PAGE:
Galveston Island State Park
|This article does not cite any references or sources. (November 2007)|
|Galveston Island State Park|
|Region||Galveston County, Texas|
|Location||Galveston, Texas, Jamaica Beach, Texas|
|For public||Public state park|
|Easiest access||Pay up front.|
Galveston Island State Park, in Galveston County, is in the City of Galveston, Texas on the west end of Galveston Island. It is a 2,013.1-acre (814.7 ha) site that was acquired in 1969 from private owners under the State Parks Bond Program and was opened in 1975. On September 14, 2008, the park was closed due to damage from Hurricane Ike. In July 2009 the park was opened once again for camping and outdoor recreation.
As reported in 1985 in the Houston Chronicle (http://www.chron.com/CDA/archives/archive.mpl/1985_35655/settlement-in-suit-over-isle-state-park-nears-lawy.html), the tale of the land begins in 1950. Maco Stewart Jr., whose father founded Stewart Title Company, owned more than 2,000 acres on the island. In his will, he severed the mineral rights from the surface land rights and gave half of the surface and mineral rights to his wife, Virginia Stewart, and divided the other half between his sons from a former marriage, Wells and Maco III. In giving them the surface rights, the senior Maco specified that, upon the death of his wife and sons, his "Galveston Island home" should be given to the state of Texas "to be used and maintained as a fish, game and oyster preserve and for any other public purpose." The will further stated that his heirs "shall not have any right or authority to convey, mortgage, encumber or in any manner dispose of the `surface' estate."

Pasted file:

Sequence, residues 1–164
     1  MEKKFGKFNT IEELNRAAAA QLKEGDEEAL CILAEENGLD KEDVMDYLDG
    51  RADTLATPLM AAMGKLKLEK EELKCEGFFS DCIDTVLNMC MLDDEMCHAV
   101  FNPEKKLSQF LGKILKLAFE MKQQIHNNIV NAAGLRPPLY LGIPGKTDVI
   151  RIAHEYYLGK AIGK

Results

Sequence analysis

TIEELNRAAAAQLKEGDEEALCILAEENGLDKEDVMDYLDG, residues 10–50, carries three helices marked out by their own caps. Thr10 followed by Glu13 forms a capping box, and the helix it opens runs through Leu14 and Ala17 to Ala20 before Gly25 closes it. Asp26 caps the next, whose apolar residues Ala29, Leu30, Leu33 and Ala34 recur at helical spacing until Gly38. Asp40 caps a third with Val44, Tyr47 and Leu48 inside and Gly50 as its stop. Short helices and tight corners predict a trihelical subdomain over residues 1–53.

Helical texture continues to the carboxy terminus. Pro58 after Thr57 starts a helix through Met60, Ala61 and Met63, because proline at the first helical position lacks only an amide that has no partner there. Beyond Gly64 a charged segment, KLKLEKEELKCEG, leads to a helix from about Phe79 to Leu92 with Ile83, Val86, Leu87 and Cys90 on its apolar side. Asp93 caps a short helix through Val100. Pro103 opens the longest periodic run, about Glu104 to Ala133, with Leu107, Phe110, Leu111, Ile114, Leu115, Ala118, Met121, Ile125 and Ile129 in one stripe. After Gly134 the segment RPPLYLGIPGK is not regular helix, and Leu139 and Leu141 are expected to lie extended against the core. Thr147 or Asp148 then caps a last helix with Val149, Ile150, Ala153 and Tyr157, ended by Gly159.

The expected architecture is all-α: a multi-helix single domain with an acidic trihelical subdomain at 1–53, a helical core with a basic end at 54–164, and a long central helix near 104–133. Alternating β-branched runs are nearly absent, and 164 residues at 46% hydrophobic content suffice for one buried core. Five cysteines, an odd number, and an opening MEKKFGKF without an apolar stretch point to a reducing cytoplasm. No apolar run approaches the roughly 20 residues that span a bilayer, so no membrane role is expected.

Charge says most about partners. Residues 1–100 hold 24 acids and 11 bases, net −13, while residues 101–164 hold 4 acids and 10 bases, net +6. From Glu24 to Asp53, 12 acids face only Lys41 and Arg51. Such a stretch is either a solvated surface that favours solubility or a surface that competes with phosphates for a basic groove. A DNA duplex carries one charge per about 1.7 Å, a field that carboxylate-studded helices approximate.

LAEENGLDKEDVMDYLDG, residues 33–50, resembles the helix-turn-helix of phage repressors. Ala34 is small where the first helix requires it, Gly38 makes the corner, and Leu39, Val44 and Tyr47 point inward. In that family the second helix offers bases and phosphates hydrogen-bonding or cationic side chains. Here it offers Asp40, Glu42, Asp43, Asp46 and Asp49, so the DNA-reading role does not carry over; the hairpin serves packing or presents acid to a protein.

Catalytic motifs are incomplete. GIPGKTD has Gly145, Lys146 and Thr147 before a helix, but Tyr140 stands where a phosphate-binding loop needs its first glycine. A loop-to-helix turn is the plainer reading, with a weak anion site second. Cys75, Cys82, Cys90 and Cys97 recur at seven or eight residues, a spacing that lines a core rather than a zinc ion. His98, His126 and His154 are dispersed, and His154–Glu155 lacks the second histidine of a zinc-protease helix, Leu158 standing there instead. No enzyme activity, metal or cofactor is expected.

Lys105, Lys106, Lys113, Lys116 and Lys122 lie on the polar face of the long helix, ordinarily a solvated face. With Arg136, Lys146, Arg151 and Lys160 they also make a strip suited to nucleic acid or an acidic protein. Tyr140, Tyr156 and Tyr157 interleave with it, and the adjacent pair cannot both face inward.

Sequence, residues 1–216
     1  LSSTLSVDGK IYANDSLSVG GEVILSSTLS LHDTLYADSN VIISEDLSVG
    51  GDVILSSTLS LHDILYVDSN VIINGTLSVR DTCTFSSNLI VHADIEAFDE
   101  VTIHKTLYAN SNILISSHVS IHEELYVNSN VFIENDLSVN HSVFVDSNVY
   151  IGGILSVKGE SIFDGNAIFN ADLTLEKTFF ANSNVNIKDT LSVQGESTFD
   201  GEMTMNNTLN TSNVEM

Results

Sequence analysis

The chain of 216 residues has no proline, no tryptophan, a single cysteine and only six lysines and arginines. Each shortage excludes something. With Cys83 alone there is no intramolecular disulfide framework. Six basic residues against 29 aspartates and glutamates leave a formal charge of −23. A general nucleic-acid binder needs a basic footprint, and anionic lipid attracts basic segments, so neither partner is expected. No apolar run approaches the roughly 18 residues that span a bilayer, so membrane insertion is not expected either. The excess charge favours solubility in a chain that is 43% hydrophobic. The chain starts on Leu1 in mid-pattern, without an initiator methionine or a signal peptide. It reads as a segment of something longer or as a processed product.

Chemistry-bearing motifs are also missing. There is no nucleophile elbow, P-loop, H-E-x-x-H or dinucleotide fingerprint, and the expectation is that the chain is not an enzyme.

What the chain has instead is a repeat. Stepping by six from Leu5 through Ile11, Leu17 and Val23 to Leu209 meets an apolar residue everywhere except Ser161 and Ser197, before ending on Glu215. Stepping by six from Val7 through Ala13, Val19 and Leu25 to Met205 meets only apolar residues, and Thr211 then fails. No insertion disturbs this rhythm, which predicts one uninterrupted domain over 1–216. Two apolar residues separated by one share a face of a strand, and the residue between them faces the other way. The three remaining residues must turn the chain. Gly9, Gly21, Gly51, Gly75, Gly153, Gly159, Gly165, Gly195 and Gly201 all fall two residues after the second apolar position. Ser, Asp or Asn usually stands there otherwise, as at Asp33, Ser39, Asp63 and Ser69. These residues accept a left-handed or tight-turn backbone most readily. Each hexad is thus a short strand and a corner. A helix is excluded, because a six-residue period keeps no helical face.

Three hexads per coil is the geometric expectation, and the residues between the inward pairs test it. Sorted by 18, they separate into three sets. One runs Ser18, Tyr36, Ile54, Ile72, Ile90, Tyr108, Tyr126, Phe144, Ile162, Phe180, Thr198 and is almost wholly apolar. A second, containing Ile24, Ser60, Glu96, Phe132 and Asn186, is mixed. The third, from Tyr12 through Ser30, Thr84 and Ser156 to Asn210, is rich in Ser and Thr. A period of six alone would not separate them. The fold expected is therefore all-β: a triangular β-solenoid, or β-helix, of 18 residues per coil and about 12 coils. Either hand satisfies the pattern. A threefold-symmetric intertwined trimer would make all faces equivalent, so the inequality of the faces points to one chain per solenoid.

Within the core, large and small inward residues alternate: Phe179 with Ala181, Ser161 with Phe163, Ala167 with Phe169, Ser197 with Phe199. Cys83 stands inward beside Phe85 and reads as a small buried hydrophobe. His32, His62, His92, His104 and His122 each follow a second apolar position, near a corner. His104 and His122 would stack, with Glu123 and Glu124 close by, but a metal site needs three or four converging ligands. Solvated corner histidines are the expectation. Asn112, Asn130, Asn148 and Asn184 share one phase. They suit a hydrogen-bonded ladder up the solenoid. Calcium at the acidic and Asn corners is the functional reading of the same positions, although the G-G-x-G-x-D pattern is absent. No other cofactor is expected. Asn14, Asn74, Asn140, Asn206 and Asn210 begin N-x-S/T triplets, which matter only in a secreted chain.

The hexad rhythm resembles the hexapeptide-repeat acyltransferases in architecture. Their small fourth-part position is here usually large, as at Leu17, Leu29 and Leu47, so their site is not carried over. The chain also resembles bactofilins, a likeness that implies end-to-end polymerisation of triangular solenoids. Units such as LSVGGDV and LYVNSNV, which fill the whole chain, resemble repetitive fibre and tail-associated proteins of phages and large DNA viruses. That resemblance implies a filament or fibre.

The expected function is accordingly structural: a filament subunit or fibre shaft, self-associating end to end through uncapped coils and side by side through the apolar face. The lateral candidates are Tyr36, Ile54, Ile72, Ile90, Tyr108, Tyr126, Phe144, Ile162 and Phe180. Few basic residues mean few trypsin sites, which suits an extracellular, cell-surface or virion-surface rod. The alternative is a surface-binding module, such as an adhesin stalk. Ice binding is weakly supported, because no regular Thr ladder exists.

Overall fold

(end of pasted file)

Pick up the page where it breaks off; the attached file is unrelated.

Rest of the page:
By the late 1960s, Stewart's heirs wanted the park to be built. The heirs received payment for 1,950 acres in 1969. A small part of the property that included the former Stewart Mansion was separated from the land that became the park.
Galveston Island is believed to be approximately 5000 years old and has had an interesting history during the past 500 years. It is generally believed Cabeza de Vaca and his crew were shipwrecked here in 1520 and eventually made their way from the island to colonies in Mexico. The LaFitte brothers, fleeing the prosecution of pirates in the United States, established a government here in 1817, with visions of creating a "Manhattan on the Gulf." Commerce did thrive here, but major storms in 1867, 1871, 1875, and 1886 greatly slowed progress. The Galveston Hurricane of 1900 devastated the island, killing 5000 to 10,000 people, and prompted the construction of the seawall which protects the northern half of the island.
Dunes Renewal Project
September 10, 1998, Tropical Storm Frances destroyed the sand dunes at Galveston Island State Park. The dunes serve as the only protection that the park has for its facilities. A project was implemented to rebuild the dunes through the use of Christmas trees.
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